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|Alternative names||Funnel cake|
|Place of origin||United States|
|Region or state||Pennsylvania|
|Main ingredients||Batter, cooking oil|
|Cookbook: Funnel cake Media: Funnel cake|
The concept of the funnel cake dates back to the early medieval Persian world, where similar yeast-risen dishes were first prepared and later spread to Europe. Pennsylvania German immigrants brought the yeast dish, known as Drechderkuche, to America and around 1879 developed the baking powder version along with its new name, funnel cake.
Funnel cakes are made by pouring batter into hot cooking oil in a circular pattern and deep frying the overlapping mass until golden-brown. The batter is commonly poured through a funnel creating its texture and giving its name. When made at concession stands, a pitcher with an integral funnel spout is employed. Alton Brown recommends they be baked with choux pastry, which expands from steam produced by its high water content.
In south German cuisine the equivalent is called Strauben or Strieble and is made and served similarly. In Finnish cuisine the analogous tippaleipä is traditionally served at May Day (Vappu) celebrations. In Lithuania it is called skruzdėlynas, which literal translation is the ant nest, normally it is made at early spring to empty stock of last year honey and make more space for the new one and at the first harvest of honey.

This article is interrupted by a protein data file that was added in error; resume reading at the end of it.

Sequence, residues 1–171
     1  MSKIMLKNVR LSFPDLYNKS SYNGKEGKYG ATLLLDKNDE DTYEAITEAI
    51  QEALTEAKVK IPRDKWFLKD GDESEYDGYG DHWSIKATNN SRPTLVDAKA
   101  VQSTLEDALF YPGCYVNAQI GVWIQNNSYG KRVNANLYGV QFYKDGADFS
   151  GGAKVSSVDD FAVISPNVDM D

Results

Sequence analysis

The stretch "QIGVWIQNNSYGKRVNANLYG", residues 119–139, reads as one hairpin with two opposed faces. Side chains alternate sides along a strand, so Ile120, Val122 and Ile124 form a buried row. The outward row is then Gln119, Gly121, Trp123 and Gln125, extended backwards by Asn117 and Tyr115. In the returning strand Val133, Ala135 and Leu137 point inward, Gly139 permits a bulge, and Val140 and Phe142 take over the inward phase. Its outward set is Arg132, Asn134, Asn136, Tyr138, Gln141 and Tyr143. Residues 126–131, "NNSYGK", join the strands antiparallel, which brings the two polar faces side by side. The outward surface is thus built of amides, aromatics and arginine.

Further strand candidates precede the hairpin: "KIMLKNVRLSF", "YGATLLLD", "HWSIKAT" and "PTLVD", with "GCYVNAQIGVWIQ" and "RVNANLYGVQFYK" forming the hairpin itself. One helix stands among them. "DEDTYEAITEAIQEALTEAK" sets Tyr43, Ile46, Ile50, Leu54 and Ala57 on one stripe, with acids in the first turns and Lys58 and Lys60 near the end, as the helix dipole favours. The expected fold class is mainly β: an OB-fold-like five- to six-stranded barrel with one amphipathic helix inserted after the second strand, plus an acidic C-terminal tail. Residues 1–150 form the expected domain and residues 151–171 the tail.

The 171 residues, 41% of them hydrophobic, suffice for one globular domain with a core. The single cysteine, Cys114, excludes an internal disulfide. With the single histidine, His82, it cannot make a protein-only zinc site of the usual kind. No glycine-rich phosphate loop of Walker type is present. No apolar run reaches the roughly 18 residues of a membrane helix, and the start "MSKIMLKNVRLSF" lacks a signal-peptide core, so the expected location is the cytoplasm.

In the Indian subcontinent a similar dessert, with a crystallized sugary exterior coating, is called jalebi; in Iran this is known as zulbia and is a popular dessert. These differ from funnel cake in using no baking powder, which results in a somewhat chewy texture.
In North America, funnel cakes were originally associated with Pennsylvania Dutch Country.
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- Marks, Gil. Encyclopedia of Jewish Food.
- "Calories in Funnel Cake and Nutrition Facts". FatSecret. May 17, 2015. Retrieved May 21, 2015.